A. Introduction: We’re talking about how God’s Word brings us peace of mind. For the past two weeks
we’ve focused on how knowing our true identity, or who and what we are because of what Jesus has done for
us can bring peace to our mind.
1. Many struggle with believing that God will help them in times of trouble because of their shortcomings
and failures.
a. But the Bible assures us that God has already met our greatest need—salvation from sin—and
compared to that need, everything else is a lesser issue. This fact brings peace to our mind.
b. Rom 8:32—Since God did not spare even his own Son but gave him up for us all, won’t God who
gave us Christ, also give us everything else (NLT).
2. People also struggle with believing that God will help because they don’t understand their created
purpose or the process by which God qualifies them for this purpose. Once again, facts from the Bible
bring us peace of mind because it explains why we were created and what God is doing in us.
a. Almighty God wants a family and He created human beings to become His sons and daughters.
However, sin disqualified us from our created purpose. Eph 1:4-5; Rom 3:23; etc.
b. But Jesus, through His death on the Cross, made it possible for unrighteous, unholy sinners to be
transformed into holy, righteous sons and daughters of God through faith in Him.
1. Jesus’ sacrifice at the Cross so completely cleanses us from the guilt of sin that when we believe
on Him (acknowledge Him as our Savior and Lord), God can indwell by His life and Spirit, and
we become literal sons and daughters of God by birth, born of Him. John 1:12-13; I John 5:1
2. This new birth takes place in our innermost being (our spirit). The entrance of God’s life
produces a tremendous change in us. Our nature or spiritual condition is changed.
A. II Cor 5:17—Therefore if any person is (ingrafted) in Christ, the Messiah, he is (a new
creature altogether,) a new creation; the old (previous moral and spiritual condition) has
passed away. Behold, the fresh and new has come (Amp).
B. We are made new in our spirit (our innermost being). The Greek word that is translated
new (kainos) means new in quality, superior in character.
3. The condition of our spirit is the basis of our identity (John 3:6). We were dead; now we are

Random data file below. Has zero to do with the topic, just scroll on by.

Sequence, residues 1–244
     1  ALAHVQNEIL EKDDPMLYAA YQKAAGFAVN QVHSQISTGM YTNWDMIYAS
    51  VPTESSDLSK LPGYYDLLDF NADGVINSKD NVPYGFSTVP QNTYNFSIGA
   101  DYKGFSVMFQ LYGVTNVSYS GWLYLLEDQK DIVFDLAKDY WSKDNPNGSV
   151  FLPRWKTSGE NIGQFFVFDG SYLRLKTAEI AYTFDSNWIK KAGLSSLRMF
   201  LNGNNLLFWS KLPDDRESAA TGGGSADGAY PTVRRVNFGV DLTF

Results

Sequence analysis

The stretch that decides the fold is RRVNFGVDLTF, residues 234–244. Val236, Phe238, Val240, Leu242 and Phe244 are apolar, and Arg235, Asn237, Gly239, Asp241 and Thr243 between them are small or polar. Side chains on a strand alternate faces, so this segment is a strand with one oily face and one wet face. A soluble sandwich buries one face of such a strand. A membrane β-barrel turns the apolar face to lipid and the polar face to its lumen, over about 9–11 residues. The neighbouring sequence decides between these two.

alive. We were sinners; now we are sons and daughters of God. We were unrighteous; now
we are righteous. Rom 5:19; Rom 5:10; Eph 2:1; Eph 5:8; etc.
c. This new birth does not directly affect our mind and emotions (our soul) or our physical body. The
unchanged portions of our makeup (mind, emotions, body) are sometimes referred to as our flesh.
1. What we do does not yet fully match what we are. But what we do doesn’t change what we
are—holy, righteous sons and daughters of God by birth. What we are will ultimately change
what we do. God deals with us on the basis of what we are because He is confident that His
plan and purpose will be fully accomplished. Phil 1:6; I John 3:2
2. The new birth is the beginning of a process of transformation that will ultimately transform and
restore every part of our being to what God always intended us to be—sons and daughters who
are fully glorifying (pleasing) to Him in every thought, word, attitude, and deed.
3. Last week we began to talk about our part in this process of transformation and have more to say tonight.
As part of the process of transformation we must learn to put on the new man. Eph 4:24
a. The expression “put on the new man” comes from Paul the apostle. He became an ardent follower
of Jesus when the resurrected Lord appeared to him three years after the crucifixion. Acts 9:1-6
1. Following Paul’s conversion, Jesus appeared to him a number of times and personally taught
Paul the message that he preached throughout the Roman Empire. Acts 26:16; Gal 1:11-12
2. Jesus revealed a number of mysteries to Paul which he then taught and wrote about in the New

Testament. A mystery is a previously unrevealed aspect of God’s plan to have a family.
b. One of those mysteries was the believer’s union with Christ. Col 1:25-27—For this revelation
means nothing less than—Christ in union with you, your hope of glory (20th Cent).
1. John 3:16—When a person believes on Jesus, he or she believes into union with Christ. That’s
the idea in the original Greek language. The Holy Spirit unites our spirit to the eternal life in
Jesus. Eternal life is not live forever life; it’s a type of life—the uncreated life in God Himself.
2. The New Testament uses three word pictures to illustrate our relationship to Jesus once we
believe on Him. All convey union and shared life—vine and branch (John 15:5), head and
body (Eph 1:22-23), husband and wife (Eph 5:31-32).
c. Paul wrote extensively about the fact that God is in us to transform and restore us, to strengthen and
empower us. Christianity is more than a moral code or a set of beliefs—although it has both. It is
a living, organic union with the life and Spirit of God through faith in Christ.
4. Paul wrote the Epistle to the Ephesians. From this letter we get insight into what it means to put on the
new man. In the rest of the lesson, we’re going to examine what Paul wrote. This information will
help you see your true identity and give you peace of mind as you are progressively changed by the life
and Spirit of God in you.